Celebrity Squares (and Feathers) 

Some of the contestants in the recent television ‘celebrity challenge’ show, ‘Don’t Rock The Boat’. Picture: ITV.

24 November 2020

By Tim Koch

Tim Koch sympathises with the view that television is called a medium because it is neither rare nor well-done.

Many television viewers have an apparently endless fascination with watching alleged celebrities getting into great difficulty doing things such as dancing, cooking and sharing a house with idiots. Thus, it was perhaps inevitable that rowing would soon be added to this list of Herculean tasks. Between 2 and 6 November, Britain’s ITV network broadcast Don’t Rock The Boat, one of those programmes that you suspect was developed by a team of media studies students who started with the title and then worked backwards. The premise was that two teams of six celebrities take three weeks to race, in stages, the length of the UK in ocean rowing boats and also take part in challenges on land. Just in case there were viewers who had not seen one of these sorts of shows before, we were told to ‘Expect stress, exhaustion and tears as the physical and mental strain takes its toll’ (though that the same warning is given for programmes about people baking cakes).

I did not watch much of Don’t Rock The Boat, but I think that I can summarise the whole five hours: rowing for a long time is a strain; at least one contestant was inspired by the death of a relative; it obeyed the rule that James Cracknell has to appear in any such programme; at the end, all the contestants said that they were better human beings for having been uncomfortable for a bit. You get the idea. To be fair, The Guardian liked the whole thing and there will probably be a second series. Also, I suspect that the part where the celebrities defecate into a bucket will get its own spin-off show.

Making a ‘reality tv’ programme? Remember the ‘include Cracknell’ rule, please do not force James to get a proper job. Picture: ITV/Radio Times.

In the modern age, great deference is paid to those who somehow gain the status of ‘celebrity’. In the recent past, things were just as bad but it was the antics of people such as the young gentlemen at Oxford and Cambridge that enthralled the masses and it was these fellows that the public want to see rowing, both properly – in the University Boat Race – and badly – as reported by the Sphere of 24 June 1950. The magazine covered a boat race between officers of the debating societies of both universities, the Oxford Union (founded 1823) and the Cambridge Union (founded 1815).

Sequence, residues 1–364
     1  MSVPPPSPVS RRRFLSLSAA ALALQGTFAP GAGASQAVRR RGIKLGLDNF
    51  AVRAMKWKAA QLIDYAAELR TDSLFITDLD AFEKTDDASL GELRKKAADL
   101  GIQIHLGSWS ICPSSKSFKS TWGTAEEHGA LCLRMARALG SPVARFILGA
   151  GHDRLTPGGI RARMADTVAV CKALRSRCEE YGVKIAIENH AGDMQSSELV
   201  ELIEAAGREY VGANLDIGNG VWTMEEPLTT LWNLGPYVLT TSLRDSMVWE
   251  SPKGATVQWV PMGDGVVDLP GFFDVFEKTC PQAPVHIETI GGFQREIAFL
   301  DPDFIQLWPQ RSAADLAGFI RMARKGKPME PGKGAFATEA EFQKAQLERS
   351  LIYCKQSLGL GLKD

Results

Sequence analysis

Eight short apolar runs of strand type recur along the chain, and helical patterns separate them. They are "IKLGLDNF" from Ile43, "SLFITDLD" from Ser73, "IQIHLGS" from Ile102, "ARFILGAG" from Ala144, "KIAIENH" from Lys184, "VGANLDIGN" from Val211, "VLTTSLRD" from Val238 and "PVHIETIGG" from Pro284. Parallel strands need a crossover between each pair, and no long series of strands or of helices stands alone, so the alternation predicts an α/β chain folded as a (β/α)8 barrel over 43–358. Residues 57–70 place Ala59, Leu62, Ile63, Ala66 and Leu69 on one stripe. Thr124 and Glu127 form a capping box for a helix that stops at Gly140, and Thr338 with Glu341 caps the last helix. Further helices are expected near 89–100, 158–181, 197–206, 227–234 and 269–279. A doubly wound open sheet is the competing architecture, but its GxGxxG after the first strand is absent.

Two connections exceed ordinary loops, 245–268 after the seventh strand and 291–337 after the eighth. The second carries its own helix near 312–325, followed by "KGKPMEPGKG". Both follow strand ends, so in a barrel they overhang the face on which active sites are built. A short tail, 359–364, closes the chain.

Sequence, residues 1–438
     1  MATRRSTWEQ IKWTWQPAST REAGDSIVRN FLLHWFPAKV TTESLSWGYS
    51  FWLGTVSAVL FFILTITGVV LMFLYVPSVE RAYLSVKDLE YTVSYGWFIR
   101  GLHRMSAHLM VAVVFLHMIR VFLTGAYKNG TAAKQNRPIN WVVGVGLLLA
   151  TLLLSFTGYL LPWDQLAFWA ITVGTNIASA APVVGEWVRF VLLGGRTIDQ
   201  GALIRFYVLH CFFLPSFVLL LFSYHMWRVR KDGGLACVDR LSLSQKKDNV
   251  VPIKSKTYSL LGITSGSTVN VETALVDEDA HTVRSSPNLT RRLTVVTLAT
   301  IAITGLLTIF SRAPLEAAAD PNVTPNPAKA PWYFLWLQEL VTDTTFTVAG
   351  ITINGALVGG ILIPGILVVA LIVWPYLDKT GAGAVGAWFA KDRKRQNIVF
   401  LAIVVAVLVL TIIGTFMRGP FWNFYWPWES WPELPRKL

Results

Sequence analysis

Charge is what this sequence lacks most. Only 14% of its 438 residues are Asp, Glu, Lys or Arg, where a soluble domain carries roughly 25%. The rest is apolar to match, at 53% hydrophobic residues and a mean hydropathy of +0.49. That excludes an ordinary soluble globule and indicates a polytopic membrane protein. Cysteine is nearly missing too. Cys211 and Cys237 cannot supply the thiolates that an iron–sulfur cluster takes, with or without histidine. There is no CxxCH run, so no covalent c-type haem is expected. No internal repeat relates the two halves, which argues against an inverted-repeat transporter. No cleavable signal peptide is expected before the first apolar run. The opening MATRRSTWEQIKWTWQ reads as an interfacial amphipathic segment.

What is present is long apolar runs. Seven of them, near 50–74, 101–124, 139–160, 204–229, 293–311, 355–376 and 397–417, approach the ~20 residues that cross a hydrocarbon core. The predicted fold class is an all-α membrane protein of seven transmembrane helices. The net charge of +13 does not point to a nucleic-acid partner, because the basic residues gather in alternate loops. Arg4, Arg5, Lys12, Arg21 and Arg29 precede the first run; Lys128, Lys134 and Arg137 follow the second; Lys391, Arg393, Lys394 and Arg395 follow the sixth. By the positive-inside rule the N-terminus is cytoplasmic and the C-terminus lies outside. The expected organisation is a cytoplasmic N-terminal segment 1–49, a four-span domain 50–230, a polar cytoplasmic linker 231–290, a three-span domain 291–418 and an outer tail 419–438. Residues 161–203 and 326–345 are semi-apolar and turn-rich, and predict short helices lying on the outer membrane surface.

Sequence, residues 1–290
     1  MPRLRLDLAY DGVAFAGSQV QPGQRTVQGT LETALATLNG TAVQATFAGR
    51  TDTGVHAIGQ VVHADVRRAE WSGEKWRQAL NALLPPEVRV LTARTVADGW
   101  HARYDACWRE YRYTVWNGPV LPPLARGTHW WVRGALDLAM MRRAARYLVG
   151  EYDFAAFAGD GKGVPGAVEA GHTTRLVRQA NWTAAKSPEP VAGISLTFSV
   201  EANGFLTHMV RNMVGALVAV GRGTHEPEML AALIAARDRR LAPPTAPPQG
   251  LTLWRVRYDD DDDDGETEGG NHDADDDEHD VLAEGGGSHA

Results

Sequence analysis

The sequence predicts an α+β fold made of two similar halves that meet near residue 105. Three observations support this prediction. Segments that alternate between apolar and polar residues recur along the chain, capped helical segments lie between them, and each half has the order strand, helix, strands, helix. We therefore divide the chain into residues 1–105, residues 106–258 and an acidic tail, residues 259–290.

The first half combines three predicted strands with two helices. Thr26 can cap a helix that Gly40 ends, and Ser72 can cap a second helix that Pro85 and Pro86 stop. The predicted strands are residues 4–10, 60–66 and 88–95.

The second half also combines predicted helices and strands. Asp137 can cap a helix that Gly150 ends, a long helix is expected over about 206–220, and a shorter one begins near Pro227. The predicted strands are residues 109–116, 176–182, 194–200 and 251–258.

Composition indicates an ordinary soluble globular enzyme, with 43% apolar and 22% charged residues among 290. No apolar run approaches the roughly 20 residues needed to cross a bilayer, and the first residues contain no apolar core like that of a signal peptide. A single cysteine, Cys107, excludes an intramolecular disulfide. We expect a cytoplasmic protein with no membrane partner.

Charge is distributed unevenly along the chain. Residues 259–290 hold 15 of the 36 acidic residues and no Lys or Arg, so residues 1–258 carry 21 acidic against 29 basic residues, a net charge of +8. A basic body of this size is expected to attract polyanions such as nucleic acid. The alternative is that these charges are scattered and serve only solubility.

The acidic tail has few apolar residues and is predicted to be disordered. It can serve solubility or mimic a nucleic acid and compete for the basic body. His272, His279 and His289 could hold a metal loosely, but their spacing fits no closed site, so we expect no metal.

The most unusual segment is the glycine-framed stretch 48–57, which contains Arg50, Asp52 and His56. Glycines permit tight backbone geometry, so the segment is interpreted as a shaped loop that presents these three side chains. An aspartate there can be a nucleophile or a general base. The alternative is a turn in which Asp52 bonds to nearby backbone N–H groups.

‘The climax of May Week at Cambridge’.
The public turned out en masse to watch the chaps having a wizard time.

The coxswains were the respective Presidents of the debating societies and later both became well-known for their achievements in public life and both appeared regularly on television.

The Oxford Union President, Robin Day, later Sir Robin Day.

Oxford’s Robin Day became a political journalist and broadcaster who was rarely off British television screens between the late 1950s and the 1990s and was particularly well-known for his BBC election night coverage. His Guardian obituary stated that Day was ‘the most outstanding television journalist of his generation. He transformed the television interview (and) changed the relationship between politicians and television…’ However, his ending of the deferential style of interviewing politicians on British TV was not universally popular and in 1958 a critical Daily Mirror columnist wrote, ‘the idiot’s lantern is getting too big for its ugly gleam’. I wonder what the Mirror man would have said about the idiot’s iPhone?

The Cambridge Union President, Norman St John-Stevas, later Baron St John of Fawsley.

Cambridge’s Norman St John-Stevas was a Conservative MP from 1964 until 1987. At various times he was Leader of the House of Commons, Chairman of the Royal Fine Art Commission and Master of Emmanuel College, Cambridge. However, he was much better-known than most of the holders of those obscure posts, possibly because his flamboyant personality attracted media attention. A brilliant scholar (he studied at Cambridge, Oxford and Yale) and a serious politician (his career held back, some say by prejudice against his homosexuality, some say by his flippancy), the foppish St John-Stevas also had a slightly comical devotion to the Monarchy and the Papacy (the two came together when he advocated the canonisation of Princess Grace of Monaco). His Independent obituary called him ‘an élitist desperate to appear on daytime television’ and noted that ‘he collected names and then dropped them’. The Guardian concluded that ‘he lived life as a camp performance’. The above pictures indicate that he coxed in that way as well.

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